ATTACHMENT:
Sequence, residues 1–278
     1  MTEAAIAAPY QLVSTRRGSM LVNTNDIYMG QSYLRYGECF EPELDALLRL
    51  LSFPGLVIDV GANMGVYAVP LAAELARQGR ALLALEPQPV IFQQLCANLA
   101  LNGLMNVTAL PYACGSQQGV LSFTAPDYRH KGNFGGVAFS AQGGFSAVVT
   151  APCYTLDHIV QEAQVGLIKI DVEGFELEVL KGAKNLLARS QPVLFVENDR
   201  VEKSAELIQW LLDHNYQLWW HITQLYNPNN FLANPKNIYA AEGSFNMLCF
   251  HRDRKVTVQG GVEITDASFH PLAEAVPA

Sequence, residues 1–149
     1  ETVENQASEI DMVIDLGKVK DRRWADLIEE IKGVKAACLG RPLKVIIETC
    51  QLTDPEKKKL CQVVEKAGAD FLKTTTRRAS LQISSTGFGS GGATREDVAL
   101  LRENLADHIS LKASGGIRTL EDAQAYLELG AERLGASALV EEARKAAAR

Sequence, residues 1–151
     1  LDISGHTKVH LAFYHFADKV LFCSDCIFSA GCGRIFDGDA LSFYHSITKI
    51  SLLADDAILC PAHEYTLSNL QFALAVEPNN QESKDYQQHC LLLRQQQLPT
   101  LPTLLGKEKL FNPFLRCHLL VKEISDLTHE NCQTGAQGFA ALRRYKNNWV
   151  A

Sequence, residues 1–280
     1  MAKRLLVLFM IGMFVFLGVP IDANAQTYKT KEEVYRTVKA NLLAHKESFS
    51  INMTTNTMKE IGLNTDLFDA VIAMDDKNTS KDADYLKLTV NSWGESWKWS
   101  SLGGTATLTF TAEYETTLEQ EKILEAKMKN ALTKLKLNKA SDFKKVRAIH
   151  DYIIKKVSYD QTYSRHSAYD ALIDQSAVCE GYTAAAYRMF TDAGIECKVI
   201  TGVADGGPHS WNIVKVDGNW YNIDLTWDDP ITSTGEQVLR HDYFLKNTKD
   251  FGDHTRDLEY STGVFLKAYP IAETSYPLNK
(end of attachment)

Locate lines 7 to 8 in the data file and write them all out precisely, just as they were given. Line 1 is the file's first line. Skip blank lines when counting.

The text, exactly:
   251  HRDRKVTVQG GVEITDASFH PLAEAVPA

Sequence, residues 1–149